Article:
Archive for the ‘human interest’ Category

Revisiting Old Favourites

In the summer of 1975, I was a typical middle-class college student: apolitical, though not unaware of political events, immersed in college activities and casting fleeting glances at the road ahead in life. The Emergency was a turning point for me and many others. After the initial shock, we witnessed the arrests of many activists, including prominent members of the current ruling elite, on the Delhi University campus, and got used to boring fare in the daily newspapers. Slowly, frustration started setting in — fear of speaking out because of rumours of police informers prowling around the campus, being incessantly subjected to glowing accounts of the achievements of the government, including the heir-apparent, and the reports, as 1976 wearily dragged on, of demolitions in Old Delhi and forced sterilisations, most markedly in the Hindi belt. The announcement of elections in January 1977 came as a relief, followed by joy when Congress party stalwarts deserted an obviously  sinking ship and euphoria on the morning of 20 March 1977 when Indira Gandhi’s party was given marching orders by the people of India.

I am not, though, soliloquising on those momentous days, but rather on three books that strongly attracted me during the Emergency and its aftermath: George Orwell’s 1984 and Animal Farm, and Arthur Koestler’s Darkness At Noon. The Emergency era, with its midnight arrests, glorification of the leader and breathless media  accounts of remarkable economic achievements, was drawn straight from the scripts of  these three classics. Post-1980, although India went through its multiple convulsions, these books, while occupying pride of place on my bookshelf, gathered dust as the Fukuyama liberal democracy era seemed to indicate that we were moving to more hopeful times.

Not any more, though. 1984 has been replicated in the scenario of recent years. Big Brother, in the shape of the Great Leader, beams at us from giant-size hoardings, full-page newspaper advertisements and from television screens, in country after country. Media reports are full of government’s achievements in the financial, economic, social and foreign policy spheres. The television screens scream shrilly at us when exposing dastardly “anti-national” conspiracies, with news anchors frothing at the mouth and their coiffured hair popping up a la Kishore Kumar in the Hindi film Padosan. And with the daily cacophony of alleged attacks by disaffected elements, including migrants, minorities and liberals, that day is not far when we will be treated to public displays of captured enemy soldiers.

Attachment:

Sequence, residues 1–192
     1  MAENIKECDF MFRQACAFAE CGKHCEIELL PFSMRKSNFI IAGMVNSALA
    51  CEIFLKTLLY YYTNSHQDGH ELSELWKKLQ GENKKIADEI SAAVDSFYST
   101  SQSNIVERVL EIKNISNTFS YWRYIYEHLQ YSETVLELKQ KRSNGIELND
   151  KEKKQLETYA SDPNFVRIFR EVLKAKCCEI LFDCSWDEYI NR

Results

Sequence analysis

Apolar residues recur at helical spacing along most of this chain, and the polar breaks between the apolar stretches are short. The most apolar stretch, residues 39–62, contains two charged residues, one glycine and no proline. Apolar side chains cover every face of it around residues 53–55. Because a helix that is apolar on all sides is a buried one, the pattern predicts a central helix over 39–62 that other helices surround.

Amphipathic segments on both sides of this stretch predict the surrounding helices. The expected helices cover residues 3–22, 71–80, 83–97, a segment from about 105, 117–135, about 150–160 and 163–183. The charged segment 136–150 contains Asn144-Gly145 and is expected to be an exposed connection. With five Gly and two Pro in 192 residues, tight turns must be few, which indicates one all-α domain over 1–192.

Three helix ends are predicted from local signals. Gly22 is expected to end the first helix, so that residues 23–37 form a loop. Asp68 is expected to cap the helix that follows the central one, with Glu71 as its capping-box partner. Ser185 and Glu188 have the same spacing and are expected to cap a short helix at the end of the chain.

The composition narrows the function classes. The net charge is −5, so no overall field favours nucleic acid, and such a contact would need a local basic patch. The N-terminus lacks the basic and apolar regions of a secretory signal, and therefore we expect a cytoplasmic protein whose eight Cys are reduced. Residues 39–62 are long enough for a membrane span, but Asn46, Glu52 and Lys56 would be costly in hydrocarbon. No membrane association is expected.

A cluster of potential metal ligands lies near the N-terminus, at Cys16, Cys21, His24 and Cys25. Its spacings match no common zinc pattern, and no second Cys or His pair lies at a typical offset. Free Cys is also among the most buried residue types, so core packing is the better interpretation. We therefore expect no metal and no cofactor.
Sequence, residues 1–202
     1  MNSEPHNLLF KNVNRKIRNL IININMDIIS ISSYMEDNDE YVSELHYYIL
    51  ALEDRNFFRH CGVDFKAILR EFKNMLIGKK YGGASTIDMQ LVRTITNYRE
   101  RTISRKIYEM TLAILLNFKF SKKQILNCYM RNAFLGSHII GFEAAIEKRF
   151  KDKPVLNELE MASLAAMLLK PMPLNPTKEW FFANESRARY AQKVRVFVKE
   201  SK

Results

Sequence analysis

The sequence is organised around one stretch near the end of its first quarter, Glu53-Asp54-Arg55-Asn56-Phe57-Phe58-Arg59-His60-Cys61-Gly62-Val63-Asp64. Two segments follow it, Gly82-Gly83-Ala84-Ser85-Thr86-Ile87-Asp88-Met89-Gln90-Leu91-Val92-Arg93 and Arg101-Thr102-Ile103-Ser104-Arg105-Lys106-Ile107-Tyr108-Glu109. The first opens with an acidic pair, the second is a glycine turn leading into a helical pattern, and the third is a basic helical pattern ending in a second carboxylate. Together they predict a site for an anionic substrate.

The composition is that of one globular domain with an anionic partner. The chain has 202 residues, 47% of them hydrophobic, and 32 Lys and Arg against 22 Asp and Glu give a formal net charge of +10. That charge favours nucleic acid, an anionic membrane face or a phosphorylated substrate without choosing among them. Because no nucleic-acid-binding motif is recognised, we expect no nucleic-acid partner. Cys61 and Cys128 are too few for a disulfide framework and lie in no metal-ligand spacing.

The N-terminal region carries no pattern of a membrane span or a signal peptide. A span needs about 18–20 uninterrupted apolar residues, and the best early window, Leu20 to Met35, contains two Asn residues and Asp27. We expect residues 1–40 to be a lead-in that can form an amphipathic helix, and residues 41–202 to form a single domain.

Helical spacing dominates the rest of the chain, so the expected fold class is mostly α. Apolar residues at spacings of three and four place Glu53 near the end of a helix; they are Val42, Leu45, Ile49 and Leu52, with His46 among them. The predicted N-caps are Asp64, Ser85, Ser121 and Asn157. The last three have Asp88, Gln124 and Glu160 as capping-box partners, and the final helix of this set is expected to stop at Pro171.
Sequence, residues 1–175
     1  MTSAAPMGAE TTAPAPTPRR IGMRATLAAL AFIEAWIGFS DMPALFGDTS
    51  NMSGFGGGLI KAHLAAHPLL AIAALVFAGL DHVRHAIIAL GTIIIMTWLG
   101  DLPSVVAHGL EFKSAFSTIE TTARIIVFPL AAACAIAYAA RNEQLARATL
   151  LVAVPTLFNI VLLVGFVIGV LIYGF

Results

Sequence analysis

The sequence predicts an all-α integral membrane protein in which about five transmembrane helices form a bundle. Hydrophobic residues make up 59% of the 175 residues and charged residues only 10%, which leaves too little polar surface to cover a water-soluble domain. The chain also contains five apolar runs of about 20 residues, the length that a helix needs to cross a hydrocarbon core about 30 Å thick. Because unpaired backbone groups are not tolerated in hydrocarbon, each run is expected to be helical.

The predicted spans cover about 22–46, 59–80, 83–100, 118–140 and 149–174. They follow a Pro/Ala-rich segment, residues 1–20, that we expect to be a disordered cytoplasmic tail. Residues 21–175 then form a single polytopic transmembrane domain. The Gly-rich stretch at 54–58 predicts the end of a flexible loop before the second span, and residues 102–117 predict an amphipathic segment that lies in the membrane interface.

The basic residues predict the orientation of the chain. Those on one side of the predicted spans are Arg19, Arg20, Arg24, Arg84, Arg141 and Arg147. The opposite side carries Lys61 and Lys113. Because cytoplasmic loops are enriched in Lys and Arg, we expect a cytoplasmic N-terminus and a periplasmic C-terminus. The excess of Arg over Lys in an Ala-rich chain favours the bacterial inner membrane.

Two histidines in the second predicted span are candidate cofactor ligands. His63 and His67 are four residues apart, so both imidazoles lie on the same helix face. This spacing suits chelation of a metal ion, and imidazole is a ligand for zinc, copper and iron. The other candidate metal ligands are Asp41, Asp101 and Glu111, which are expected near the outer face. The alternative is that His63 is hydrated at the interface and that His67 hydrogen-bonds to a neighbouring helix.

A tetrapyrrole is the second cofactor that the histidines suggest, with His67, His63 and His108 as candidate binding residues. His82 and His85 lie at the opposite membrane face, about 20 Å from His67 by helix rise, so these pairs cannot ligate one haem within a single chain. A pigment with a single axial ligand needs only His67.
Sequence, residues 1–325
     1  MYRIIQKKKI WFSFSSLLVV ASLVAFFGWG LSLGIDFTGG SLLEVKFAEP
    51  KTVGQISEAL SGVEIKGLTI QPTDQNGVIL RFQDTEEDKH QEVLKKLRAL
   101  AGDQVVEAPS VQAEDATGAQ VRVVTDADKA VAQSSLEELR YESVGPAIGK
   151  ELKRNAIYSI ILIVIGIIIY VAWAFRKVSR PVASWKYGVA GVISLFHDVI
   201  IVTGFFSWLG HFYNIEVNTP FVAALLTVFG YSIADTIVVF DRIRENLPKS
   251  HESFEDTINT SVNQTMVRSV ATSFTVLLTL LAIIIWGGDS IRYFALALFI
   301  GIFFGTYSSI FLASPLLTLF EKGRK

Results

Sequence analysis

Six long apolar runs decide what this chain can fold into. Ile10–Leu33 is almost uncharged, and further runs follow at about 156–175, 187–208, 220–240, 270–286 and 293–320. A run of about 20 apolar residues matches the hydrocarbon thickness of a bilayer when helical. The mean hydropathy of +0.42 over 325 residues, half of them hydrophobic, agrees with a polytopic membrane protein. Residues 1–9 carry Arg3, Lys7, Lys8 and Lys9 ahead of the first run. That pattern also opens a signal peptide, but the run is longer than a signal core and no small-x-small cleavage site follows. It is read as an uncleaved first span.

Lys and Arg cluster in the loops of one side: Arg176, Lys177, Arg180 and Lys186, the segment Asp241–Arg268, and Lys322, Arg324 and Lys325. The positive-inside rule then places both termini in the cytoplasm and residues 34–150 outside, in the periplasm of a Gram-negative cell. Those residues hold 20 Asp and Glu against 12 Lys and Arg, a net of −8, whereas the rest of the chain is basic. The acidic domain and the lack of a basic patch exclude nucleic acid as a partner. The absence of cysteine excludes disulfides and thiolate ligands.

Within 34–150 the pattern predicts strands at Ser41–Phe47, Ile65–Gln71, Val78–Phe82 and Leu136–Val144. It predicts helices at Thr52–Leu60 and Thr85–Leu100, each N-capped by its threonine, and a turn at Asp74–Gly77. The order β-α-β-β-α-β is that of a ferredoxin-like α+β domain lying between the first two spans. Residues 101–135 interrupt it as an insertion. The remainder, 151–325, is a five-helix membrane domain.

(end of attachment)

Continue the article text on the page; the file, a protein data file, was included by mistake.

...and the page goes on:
Darkness At Noon has its echoes in the recent midnight drama at the Central Bureau of Investigation (CBI) headquarters in New Delhi. That the government saw fit to undertake a coup against a senior police functionary under cover of darkness is alarming; that it posted ham-handed, heavy-footed sleuths to snoop on him the next day betrays a paranoia that would have done Stalin proud. The pattern is the same elsewhere in the world: a senior Interpol representative vanishes in China, a journalist is strangled and dismembered in the Saudi Arabian embassy in Istanbul and journalists and liberal thinkers are summarily despatched in countries like Russia and India. Concentration camps and Gulags may have become passé but detention camps have come to stay in the world’s largest democracies, India and the USA, all set to house “migrants” from neighbouring countries.

Animal Farm is, of course, a perennial favourite in describing politics of any hue. Every politician promising change morphs into the image of his/her predecessor: the “oppressed” imitate their oppressors in every single case. Even more telling is the popularity of fake news, reminiscent of “Four legs good, two legs bad” metamorphosing into “Four legs good, two legs better”. History is rewritten so that the dumb animals can no longer remember their initial revolt against the tyrannical Farmer Jones.

Where then does it look as though humanity is collectively headed to? Hopefully not the terrifying society envisioned in Margaret Atwood’s The Handmaid’s Tale, in which the United States of America becomes an authoritarian theocracy, with the regulation of thought and speech at every step and selected women serving as reproductive vessels for a fast-vanishing elite. For me, the mind-numbing moment in the novel came when the central character, June, is suddenly informed at a shopping counter that she can no longer draw money from her bank accounts. Flashback to 8 PM on 8 November 2016 when over one billion citizens were summarily informed that in four hours’ time, currency of particular large denominations held by them would become worthless and they would have to approach their bank branches as beggars to release even limited amounts of their own money. Even though the Supreme Court has not accepted the mandatory linking of bank accounts to Aadhaar numbers, the fact remains that 99 percent of Indians have been compelled to link their bank accounts with their Aadhaar numbers. I shudder at the thought of a future dictator arbitrarily and unilaterally deciding at the stroke of the midnight hour to freeze all bank accounts and gain complete control over the finances, and other actions, of his/her country’s inhabitants. Should that ever occur, our venerated poet-philosopher Rabindranath Tagore’s famous line in Gitanjali will have to be modified to “Into that hell of unfreedom, my Father, let my country  not awake.”

 

Why!!!… Loiter!!!